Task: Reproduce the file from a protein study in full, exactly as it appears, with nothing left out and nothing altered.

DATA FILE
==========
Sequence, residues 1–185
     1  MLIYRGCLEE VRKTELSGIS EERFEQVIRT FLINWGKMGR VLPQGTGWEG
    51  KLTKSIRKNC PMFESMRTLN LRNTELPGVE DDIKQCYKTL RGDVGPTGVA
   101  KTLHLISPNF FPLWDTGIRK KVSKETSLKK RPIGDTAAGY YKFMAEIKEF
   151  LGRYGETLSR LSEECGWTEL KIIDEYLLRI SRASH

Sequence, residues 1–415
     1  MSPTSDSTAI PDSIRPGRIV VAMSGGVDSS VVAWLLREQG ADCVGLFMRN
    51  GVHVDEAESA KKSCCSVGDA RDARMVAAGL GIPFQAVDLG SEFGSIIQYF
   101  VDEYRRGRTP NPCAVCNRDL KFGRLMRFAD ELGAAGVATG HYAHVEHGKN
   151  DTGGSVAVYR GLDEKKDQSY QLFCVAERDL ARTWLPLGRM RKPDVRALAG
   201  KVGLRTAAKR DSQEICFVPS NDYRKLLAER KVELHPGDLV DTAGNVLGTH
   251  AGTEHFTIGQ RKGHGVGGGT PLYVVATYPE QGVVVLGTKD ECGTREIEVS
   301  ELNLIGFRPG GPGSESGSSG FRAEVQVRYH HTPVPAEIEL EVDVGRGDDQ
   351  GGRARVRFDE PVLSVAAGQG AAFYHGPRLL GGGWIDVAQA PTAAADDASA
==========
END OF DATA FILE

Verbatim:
Sequence, residues 1–185
     1  MLIYRGCLEE VRKTELSGIS EERFEQVIRT FLINWGKMGR VLPQGTGWEG
    51  KLTKSIRKNC PMFESMRTLN LRNTELPGVE DDIKQCYKTL RGDVGPTGVA
   101  KTLHLISPNF FPLWDTGIRK KVSKETSLKK RPIGDTAAGY YKFMAEIKEF
   151  LGRYGETLSR LSEECGWTEL KIIDEYLLRI SRASH

Sequence, residues 1–415
     1  MSPTSDSTAI PDSIRPGRIV VAMSGGVDSS VVAWLLREQG ADCVGLFMRN
    51  GVHVDEAESA KKSCCSVGDA RDARMVAAGL GIPFQAVDLG SEFGSIIQYF
   101  VDEYRRGRTP NPCAVCNRDL KFGRLMRFAD ELGAAGVATG HYAHVEHGKN
   151  DTGGSVAVYR GLDEKKDQSY QLFCVAERDL ARTWLPLGRM RKPDVRALAG
   201  KVGLRTAAKR DSQEICFVPS NDYRKLLAER KVELHPGDLV DTAGNVLGTH
   251  AGTEHFTIGQ RKGHGVGGGT PLYVVATYPE QGVVVLGTKD ECGTREIEVS
   301  ELNLIGFRPG GPGSESGSSG FRAEVQVRYH HTPVPAEIEL EVDVGRGDDQ
   351  GGRARVRFDE PVLSVAAGQG AAFYHGPRLL GGGWIDVAQA PTAAADDASA